A significant shift in Fortune’s focus of research is now putting a new emphasis “on the companies that are bringing out the best in everybody from the boiler room to the corner office.” Placing focus on bringing the best out of everyone enables Fortune to identify which organizations foster growth, inclusion, and effectiveness from its leadership, making them good places to work.

With many leaders, too often good intentions remain just intentions without effective outcomes being met. Working with leaders, it is often providing them tools to explain HOW to do the things that are often taken for granted. Focus! Relax! The employee may need to focus, or relax, but only when a leader can effectively coach them on how to make that a reality, then improvement can occur.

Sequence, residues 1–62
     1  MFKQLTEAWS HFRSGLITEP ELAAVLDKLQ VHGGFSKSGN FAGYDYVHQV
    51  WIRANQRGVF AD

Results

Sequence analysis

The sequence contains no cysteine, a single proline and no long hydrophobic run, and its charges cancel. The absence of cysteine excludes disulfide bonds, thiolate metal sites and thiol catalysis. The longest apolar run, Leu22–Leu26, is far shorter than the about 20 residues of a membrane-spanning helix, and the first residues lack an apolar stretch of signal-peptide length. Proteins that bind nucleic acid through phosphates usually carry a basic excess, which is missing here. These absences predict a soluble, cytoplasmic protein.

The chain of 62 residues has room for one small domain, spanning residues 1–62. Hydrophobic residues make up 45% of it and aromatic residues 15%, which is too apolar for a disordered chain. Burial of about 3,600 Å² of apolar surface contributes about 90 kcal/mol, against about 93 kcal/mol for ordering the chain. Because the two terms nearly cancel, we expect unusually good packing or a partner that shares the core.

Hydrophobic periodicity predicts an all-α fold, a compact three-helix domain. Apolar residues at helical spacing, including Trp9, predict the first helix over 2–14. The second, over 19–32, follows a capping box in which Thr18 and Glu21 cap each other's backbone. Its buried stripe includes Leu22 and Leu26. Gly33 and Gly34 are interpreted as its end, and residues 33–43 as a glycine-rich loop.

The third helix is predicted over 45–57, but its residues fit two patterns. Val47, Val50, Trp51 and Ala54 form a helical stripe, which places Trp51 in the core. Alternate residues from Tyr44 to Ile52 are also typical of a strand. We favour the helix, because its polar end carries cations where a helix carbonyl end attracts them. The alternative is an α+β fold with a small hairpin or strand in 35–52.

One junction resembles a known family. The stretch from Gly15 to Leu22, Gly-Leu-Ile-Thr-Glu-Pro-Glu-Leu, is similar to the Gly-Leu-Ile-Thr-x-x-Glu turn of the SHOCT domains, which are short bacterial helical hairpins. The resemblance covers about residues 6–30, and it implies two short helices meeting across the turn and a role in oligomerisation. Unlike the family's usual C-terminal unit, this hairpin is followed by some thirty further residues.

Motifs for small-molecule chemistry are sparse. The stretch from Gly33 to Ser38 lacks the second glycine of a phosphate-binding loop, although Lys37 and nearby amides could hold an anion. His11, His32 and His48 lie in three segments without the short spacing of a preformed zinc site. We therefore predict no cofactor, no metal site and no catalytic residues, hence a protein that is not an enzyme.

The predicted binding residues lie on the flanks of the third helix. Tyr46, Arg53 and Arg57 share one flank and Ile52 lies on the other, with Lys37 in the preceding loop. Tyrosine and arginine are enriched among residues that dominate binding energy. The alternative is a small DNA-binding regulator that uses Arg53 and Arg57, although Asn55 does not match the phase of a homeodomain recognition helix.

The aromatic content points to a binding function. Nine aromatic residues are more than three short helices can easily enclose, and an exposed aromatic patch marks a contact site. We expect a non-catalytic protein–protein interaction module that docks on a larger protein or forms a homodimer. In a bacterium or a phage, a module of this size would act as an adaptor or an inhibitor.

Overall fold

A good foundation regarding focus is an understanding of where our attention may be. First our attention is either focused internally (e.g., thoughts, emotions, physical sensations) or externally (e.g., weather, other people, signs, buildings, cars). Then our attention can either be focused on a lot of information (i.e. broad) or one or two bits of information (i.e. narrow). (see fig. 1 below).2

Concentration Styles

Image from Nideffer, Robert M., and Roger Sharpe. “ACT: Attention control training.” New York: Wideview (1978).

Being able to accurately identify where attention can be, provides the tool for identifying poor attention and shifting it as necessary. Below are examples from Figure 1 and in business:

  • External broad – Awareness of those around you such as the martial artist or in business it could be observing the operational environment or office setting.